You are unique; and the same as everyone else
We all know, that with the exception of identical twins, we are genetically unique. We also know that public health messages don’t appreciate our uniqueness when they sternly warn us about the risks of smoking and salted meats. Within families those warnings are offset by the great stories of a grandmother or an uncle who drank, smoked and loved salami but lived to a ripe old age. Whilst these things can seem at odds, they are consistent with the way public health research is done and communicated to us.
The basis of many large observational studies is to discover how sick and healthy individuals are different; to search for ‘risk factors’, which identify certain people, or groups called cohorts, as being more susceptible to disease. Often a whole new set of studies are conducted to test whether these risk factors are also the causes of disease, which can explain why some people get sick while others remain healthy. An example is that watching TV is a risk factor for developing chronic disease. The TV doesn’t directly cause the disease, that’s an outcome of a sedentary lifestyle. Public health research informs us about the risk of illness when we are exposed to things like cigarette smoke or a poor diet. These risks are averages for a cohort that is exposed, like smokers, compared to non-smokers.
The public health campaigns that remain constant, like anti-smoking, are based on long-term studies and the risks are very large. Smoking is the number one risk factor for lung cancer and people who smoke cigarettes are 15 to 30 times more likely to get lung cancer or die from lung cancer than people who do not smoke. So, for things like smoking where the risks are clear and large, you’re essentially the same as everyone else.
Getting back to the individual, for most risk factors there is variation within each cohort; people who do better or worse than the average, because of their exposure to other risk factors such as their genetic makeup and overall lifestyle. If we look at the distributions of body mass index (BMI) in Australian adults, there’s a clear difference between the male and female cohorts, with only 28% of males in the normal weight range compared to 42% of females.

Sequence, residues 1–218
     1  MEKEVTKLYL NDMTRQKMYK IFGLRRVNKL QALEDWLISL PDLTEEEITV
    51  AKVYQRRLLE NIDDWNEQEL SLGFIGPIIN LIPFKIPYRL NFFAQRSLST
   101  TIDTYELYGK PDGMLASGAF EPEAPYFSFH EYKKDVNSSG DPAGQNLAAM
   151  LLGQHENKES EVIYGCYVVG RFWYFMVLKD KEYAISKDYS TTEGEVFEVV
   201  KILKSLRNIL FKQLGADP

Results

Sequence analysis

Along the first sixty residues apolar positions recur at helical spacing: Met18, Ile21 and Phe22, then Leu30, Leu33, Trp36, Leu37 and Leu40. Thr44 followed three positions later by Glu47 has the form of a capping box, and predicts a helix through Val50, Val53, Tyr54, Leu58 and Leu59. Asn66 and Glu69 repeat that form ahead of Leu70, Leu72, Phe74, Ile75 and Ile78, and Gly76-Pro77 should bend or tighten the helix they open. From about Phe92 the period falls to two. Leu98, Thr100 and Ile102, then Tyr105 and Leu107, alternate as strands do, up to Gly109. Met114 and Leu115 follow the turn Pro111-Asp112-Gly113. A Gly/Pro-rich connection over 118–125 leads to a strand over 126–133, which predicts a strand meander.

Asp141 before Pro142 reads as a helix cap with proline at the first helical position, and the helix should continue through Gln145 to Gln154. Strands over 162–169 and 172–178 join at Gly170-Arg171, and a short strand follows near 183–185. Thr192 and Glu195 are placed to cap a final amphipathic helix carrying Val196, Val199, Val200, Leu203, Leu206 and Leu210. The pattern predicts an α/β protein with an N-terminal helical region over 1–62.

The combination of family history (genetic predisposition) and lifestyle choices, such as diet, exercise, alcohol consumption, smoking and stress play a role in where an individual will be in the BMI distributions shown above.
Your genetic makeup, which is referred to as your genotype, can give an indication of what might happen. There are well known examples of this, such as the BRCA1 mutation, where it’s estimated that 55 – 65% of women with that will develop breast cancer before they reach 70.
In the development of so-called ‘lifestyle diseases’ such as Type II Diabetes, your diet, exercise, alcohol consumption, smoking and stress levels play a major role in determining what is likely to happen. Ideal lifestyle choices can decrease the risk of many diseases, such as heart disease, even when there is a family history.
At Drop Bio we are developing a health risk index that combines blood testing and lifestyle to provide a comprehensive profile. Our ongoing research incorporates genetic predisposition, with lifestyle data, such as diet, exercise, alcohol, smoking and stress. These factors combine to determine a person’s health status, which can be assessed over time by measuring specific markers of risk in a blood sample.
The health risk index Drop Bio is developing is focused on using inflammation to predict your chronic disease risk. Long term, or chronic, inflammation may be present for months or years and is a key risk factor in the development of lifestyle-related diseases. We track inflammation with repeated sampling to observe risk-related changes in your level of inflammation.